"Safe House" is a CIA-agent-gone-rogue thriller. No further information is needed to understand the plot line, and if this picture didn't have Denzel Washington, Ryan Reynolds and a fine cast of actors—along with that inexplicable something else—there would be no point in discussing the film.
But the beauty of movies is that even when we know what to expect in a genre picture like "Safe House," Reynolds and Denzel (I like to think of Denzel on a first-name basis) grab our attention, and the script by David Guggenheim actually has something to say.
Despite endless T-bone collisions at 100 miles per hour (where Denzel and Reynolds walk out of cars, trucks and SUVs with barely a scratch), the pulsating score that sweeps the action forward like stormy waves moving sea junk to shore and fast-action editing—despite all of that—this movie still has a kind of truth. It's a morality play. In a world of bad versus mo' bad, the challenge is, who will survive? Bad or mo' bad?
And that, my friends, is where money and the greed index determine the outcome.
Matt Weston (Ryan Reynolds), a CIA agent still wet behind the ears, babysits a CIA safe house in South Africa. Unlike Paris, Rome or Berlin, it's not a great assignment. When he's not throwing a tennis ball at the wall, Weston maintains a banal cover story, which he has sold, hook, line and sinker to Ana Moreau, his beautiful French girlfriend (Nora Arnezeder). Because smart is sexy, Moreau is a medical resident at a hospital.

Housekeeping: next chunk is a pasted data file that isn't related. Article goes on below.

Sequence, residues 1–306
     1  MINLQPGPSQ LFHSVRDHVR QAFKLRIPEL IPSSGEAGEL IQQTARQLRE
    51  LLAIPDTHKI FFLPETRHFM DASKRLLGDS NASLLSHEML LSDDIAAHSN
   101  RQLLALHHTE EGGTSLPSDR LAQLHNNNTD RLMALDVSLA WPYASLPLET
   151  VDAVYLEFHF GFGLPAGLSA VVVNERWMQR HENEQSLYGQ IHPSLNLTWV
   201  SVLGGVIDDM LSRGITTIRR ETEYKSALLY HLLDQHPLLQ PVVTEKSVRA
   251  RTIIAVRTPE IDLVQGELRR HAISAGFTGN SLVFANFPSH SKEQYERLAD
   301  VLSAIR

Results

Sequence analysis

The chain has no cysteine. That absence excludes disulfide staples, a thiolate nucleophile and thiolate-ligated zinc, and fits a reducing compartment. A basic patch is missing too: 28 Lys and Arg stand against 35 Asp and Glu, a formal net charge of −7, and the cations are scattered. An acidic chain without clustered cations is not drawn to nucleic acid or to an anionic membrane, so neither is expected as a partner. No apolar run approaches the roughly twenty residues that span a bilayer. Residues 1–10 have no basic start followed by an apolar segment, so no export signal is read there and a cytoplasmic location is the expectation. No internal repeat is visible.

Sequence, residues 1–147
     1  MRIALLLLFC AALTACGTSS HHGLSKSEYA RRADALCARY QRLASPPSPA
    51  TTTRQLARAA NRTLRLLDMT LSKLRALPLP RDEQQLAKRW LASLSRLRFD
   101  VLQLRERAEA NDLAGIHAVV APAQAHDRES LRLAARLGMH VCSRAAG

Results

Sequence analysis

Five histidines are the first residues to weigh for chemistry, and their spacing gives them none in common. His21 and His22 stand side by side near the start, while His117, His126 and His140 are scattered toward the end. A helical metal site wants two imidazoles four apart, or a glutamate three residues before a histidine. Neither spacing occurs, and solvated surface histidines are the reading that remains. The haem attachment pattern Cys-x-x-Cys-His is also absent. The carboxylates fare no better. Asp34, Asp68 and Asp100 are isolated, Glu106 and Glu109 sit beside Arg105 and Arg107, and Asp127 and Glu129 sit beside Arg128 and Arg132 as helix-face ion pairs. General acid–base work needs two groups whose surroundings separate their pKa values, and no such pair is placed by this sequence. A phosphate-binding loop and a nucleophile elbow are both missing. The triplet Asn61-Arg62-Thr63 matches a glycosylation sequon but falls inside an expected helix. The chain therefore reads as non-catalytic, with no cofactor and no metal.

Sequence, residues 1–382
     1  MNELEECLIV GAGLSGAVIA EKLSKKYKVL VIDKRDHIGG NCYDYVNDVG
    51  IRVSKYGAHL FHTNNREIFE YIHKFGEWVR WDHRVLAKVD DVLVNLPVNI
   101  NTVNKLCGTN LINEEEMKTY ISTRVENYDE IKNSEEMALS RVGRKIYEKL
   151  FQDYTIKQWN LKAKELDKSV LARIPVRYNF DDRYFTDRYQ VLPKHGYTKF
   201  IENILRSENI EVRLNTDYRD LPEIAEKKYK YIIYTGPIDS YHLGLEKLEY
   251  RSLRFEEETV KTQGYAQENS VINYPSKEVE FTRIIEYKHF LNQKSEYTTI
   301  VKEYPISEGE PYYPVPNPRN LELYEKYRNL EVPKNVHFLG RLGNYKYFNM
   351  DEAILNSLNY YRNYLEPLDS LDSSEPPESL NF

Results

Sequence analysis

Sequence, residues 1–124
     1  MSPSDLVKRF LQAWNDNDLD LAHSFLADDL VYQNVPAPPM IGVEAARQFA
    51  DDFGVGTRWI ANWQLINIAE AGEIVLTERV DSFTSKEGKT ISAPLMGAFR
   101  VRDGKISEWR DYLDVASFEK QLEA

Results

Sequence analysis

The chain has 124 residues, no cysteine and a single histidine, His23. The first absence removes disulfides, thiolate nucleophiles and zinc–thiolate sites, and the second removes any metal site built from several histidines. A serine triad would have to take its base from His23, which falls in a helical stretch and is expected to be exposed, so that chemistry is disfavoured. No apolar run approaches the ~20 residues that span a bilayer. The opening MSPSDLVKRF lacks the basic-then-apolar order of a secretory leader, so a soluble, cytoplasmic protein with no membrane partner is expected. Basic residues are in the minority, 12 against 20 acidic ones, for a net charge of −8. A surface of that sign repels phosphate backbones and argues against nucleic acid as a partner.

Weston's life takes a 180-degree spin when a "guest" arrives at the safe house: none other than the notorious Tobin Frost (Denzel), a CIA agent who went off grid about 10 years ago and is selling big-time secrets.
We know about Frost because the head honchos at Langley talk about him in grim, hushed tones. Frost's fieldwork is legendary, and he can manipulate human assets better than anyone. He plays mind games, and he's the best. It's no surprise, then, that when the CIA extraction team sent to interrogate Frost on foreign soil is besieged by enemy combatants trying to take Frost hostage, Frost gets into Weston's head.
"Remember rule No. 1: You are responsible for your house guest. I'm your house guest," Frost says. "Time's a-wasting. Tick tock, tick tock, tick tock, tick tock ..."
In the blaze of bullets, explosions, car chases and blood baths, Frost teaches Weston to survive and to challenge what is being said.
"If they tell you that you've done a good job, but they will take it from here, it's over son," Frost says.
The CIA corrupted Frost, but will it corrupt Weston?
It's hard to resist Frost. Denzel gives a peak performance here. He's funny, poignant, irrational, rational, brutal and jaded. But Denzel isn't alone. Reynolds holds his own, and the cast filled out with Vera Farmiga, Brendan Gleeson, Sam Shepard and Ruben Blades gives the movie zing.
"Safe House," directed by Sweden- born Daniel Espinosa, has brute vitality reminiscent of "The French Connection" (1971). For those who have not seen the gold standard of thrillers, "The French Connection" unleashed a torrent of slam-bam, fast-and-furious, charged-up suspense. Although the innovativeness of the quintessential thriller has been watered down through 40 years of copycats, "Safe House" blows an audience sky high from an adrenal rush, just like the classic.
Espinosa has crafted the film carefully, so that the car chases, slashings, beatings, water boarding, sniping, murders, fist fights and more car chases keep you on the edge of your seat.
I really liked it. I really, really did.